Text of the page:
Rights activist 'disappears' in Kaeng Krachan
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Rights activist 'disappears' in Kaeng Krachan

An international human rights group urged authorities on Monday to investigate the disappearance of a prominent environmental activist arrested in Kaeng Krachan, in Phetchaburi.

About 50 Karen villagers, including Mr Billy's family members, rally at the provincial hall in Phetchaburi's Muang district on Monday to press authorities to find missing Por Cha Lee Rakcharoen. (Photo by Chaiwat Sat-yeam)

Por Cha Lee Rakcharoen, known as ''Billy,'' was detained in Phetchaburi's Kaeng Krachan National Park on Thursday for carrying illegally harvested wild honey, and has not been seen since shortly after he was released.

He was on his way to a meeting with Karen villagers and activists about a lawsuit that accuses park officials of burning and destroying the homes and property of more than 20 families in the area.

''National parks should be a place to enjoy natural beauty and serene vistas, not a place for officials to abuse people,'' said Brad Adams, Asia director at Human Rights Watch.

''So long as Billy's whereabouts are unknown, a sense of fear will stalk the park communities demanding their rights.''

Por Cha Lee Rakcharoen, better known as ''Billy'', has not been seen since being released by authorities on Thursday.

Park chief Chaiwat Limlikitaksorn said Por Cha Lee was released because the illegally harvested honey he was carrying was deemed a petty offence.

A witness contacted by The Associated Press, Issara Seuksahet, confirmed Mr Billy was freed and was last seen Thursday riding a yellow motorcycle in the rain.

Pol Col Woradet Suanklaai, chief of the Kaeng Krachan police station, said that a missing person complaint has been filed but Billy's whereabouts remained unknown.

Human Rights Watch said that park chief Chaiwat himself was under investigation for allegedly masterminding the killing in 2011 of an activist from Mr Billy's network  who had helped ethnic Karen villagers report abuses, violence, illegal logging and poaching allegedly committed by park officials.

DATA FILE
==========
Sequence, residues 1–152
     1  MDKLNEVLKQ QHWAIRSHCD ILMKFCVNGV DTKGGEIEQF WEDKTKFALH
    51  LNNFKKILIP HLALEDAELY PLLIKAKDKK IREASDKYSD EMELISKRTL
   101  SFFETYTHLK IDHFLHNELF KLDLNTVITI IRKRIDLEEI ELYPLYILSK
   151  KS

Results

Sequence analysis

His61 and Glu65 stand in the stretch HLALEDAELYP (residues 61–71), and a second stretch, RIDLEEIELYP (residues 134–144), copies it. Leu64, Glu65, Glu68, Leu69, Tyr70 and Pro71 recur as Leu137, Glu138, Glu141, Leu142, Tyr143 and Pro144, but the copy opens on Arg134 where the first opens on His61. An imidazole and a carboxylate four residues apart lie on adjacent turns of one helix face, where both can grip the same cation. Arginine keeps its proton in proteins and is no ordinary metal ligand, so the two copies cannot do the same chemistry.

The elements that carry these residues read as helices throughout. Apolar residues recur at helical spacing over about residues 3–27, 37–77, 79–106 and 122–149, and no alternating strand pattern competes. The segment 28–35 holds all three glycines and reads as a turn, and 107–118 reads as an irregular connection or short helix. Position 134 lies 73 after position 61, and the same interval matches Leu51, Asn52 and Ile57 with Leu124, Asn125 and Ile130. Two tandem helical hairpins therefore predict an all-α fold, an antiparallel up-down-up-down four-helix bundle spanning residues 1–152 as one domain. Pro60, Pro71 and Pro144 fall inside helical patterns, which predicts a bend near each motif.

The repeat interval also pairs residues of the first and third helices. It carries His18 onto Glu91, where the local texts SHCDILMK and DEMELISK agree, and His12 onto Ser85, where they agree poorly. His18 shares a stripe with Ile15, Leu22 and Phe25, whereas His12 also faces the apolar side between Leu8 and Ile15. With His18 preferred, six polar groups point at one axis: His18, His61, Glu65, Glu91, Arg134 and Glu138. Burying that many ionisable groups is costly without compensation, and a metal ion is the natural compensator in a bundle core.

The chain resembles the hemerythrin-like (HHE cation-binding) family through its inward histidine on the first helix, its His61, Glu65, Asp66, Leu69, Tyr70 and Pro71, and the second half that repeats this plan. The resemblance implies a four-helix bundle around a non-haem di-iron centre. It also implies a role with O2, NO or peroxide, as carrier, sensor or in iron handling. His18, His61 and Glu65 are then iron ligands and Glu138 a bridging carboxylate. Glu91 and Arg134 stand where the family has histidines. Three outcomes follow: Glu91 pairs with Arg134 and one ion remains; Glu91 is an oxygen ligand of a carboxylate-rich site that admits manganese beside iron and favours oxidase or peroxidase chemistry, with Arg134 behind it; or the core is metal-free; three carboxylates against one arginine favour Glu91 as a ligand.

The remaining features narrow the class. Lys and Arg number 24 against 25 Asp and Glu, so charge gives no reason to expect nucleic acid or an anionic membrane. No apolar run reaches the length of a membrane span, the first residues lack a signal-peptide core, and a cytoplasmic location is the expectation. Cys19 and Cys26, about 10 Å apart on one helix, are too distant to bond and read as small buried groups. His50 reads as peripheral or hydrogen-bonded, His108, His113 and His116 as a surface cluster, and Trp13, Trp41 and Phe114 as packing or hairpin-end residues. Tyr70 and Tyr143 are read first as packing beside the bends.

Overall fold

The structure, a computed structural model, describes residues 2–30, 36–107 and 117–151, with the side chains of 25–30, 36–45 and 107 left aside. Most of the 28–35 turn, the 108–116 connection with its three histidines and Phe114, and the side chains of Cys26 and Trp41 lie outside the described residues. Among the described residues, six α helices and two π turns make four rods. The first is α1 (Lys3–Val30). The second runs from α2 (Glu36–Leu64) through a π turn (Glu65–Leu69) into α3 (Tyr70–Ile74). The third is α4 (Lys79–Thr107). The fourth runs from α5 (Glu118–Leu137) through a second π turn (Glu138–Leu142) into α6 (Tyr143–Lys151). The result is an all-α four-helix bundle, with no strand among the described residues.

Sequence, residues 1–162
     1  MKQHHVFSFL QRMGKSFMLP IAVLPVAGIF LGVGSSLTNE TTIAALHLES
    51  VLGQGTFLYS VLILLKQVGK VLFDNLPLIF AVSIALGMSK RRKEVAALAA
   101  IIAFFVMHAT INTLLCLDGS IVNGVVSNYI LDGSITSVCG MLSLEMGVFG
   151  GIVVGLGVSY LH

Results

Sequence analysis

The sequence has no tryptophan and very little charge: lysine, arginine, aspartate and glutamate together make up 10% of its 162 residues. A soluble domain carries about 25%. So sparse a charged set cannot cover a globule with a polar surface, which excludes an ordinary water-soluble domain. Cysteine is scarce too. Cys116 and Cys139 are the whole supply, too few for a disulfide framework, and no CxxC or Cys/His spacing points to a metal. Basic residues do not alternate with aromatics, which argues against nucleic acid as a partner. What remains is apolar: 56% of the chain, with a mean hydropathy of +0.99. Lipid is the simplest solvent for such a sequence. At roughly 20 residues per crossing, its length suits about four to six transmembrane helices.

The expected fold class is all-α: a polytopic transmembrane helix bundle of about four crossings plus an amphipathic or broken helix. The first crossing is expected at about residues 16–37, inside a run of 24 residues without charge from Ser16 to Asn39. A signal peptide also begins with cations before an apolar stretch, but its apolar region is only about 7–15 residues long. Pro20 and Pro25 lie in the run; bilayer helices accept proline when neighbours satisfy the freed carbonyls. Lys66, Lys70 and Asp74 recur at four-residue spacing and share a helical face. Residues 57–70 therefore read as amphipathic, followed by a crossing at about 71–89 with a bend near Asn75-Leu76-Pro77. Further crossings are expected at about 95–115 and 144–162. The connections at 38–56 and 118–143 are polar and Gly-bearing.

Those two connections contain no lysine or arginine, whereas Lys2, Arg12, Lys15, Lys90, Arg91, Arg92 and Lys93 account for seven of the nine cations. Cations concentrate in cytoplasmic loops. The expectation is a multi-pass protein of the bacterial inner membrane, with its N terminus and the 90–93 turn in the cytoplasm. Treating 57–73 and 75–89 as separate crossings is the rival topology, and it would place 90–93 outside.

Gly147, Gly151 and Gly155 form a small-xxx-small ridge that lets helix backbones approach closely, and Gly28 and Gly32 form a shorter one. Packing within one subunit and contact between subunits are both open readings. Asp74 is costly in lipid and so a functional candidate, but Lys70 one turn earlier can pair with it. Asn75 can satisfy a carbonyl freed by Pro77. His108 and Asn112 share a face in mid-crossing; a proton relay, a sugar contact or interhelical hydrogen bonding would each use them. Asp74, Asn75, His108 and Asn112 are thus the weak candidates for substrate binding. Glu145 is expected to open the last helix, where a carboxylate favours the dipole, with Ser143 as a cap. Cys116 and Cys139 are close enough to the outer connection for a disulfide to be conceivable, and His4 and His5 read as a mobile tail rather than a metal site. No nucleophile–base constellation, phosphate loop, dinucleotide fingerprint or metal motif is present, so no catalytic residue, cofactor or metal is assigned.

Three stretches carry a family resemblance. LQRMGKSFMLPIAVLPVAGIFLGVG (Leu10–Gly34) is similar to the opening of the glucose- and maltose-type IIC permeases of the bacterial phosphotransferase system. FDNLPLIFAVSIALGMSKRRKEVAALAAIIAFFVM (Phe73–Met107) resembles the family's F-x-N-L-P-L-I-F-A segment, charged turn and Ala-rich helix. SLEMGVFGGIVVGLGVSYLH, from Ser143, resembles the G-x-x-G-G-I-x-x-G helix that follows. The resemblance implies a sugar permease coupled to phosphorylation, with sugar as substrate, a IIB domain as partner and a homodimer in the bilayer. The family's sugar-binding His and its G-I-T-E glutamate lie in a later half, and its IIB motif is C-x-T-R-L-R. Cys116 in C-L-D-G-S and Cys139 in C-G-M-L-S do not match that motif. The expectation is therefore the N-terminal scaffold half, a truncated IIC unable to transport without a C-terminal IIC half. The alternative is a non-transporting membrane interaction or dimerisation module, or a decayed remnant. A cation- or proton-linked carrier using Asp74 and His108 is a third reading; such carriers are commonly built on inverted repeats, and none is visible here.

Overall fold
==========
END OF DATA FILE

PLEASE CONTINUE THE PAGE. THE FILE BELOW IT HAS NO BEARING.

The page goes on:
Mr Chaiwat has not been suspended from duty as required under disciplinary regulations regarding officials under criminal investigation, Human Rights Watch said. ''Chaiwat's presence at the national park has been a cause of fear among local activists and villagers, particularly those involved in lawsuits against him,'' it added.

The New York-based right group also referred to the case of Tassanakamol Aobeaom, an activist of Mr Billy’s network who was shot dead while he was driving a pickup truck in Phetchaburi town.

National Human Rights Commissioner Niran Pitakwachara called on the authorities to find the missing activist.

''Billy is not an ordinary villager who simply went missing. He is a key Karen activist who is fighting a case in the Administrative Court, and it's the responsibiity of the government and administrative officials to find out where he might be, whether he is being tortured or even killed,'' Dr Niran said.

Mr Bill is a resident of Ban Bangkloy Bon. The only access to the village is through the park.

With legal aid from the Lawyers Council of Thailand, the Bangkloy Bon villagers led by Mr Billy sued authorities in 2011 for the destruction and burning of houses and property of more than 20 Karen families who were living in Kaeng Krachan National Park.

Mr Billy has taken a major role in collecting evidence and finding witnesses to confront  the authorities in their lawsuit, said Surapong Kongchantuk, chairman of the council's subcommittee on human rights of ethnic minorities, the stateless, migrant workers and the displaced.

He is also preparing a petition about this case for submission to His Majesty the King.

“He is a witness, and also an interpreter for other witnesses because of his good Thai,” said Mr Surapong, who is also a friend of Billy.

“He is due to appear in front of the Administration Court next month. His absence would significantly affect the court case. I don’t see any other cause of his absence but his activism.”

In Phetchaburi about 50 Karen villagers led by Billy's wife Pinnapa Prueksaphan rallied at the provincial hall and forwarded a letter to governor Monthien Thongnit and Pol Maj Gen Peerachai Ruenrueng, the provincial police chief, requesting they urgently find the activist.

His wife said she was confident that her husband's disappearance was linked to the park chief, because Billy had no conflict with any other person.

On Saturday his family also filed a complaint with Kaeng Krachan police, reporting his disappearance.

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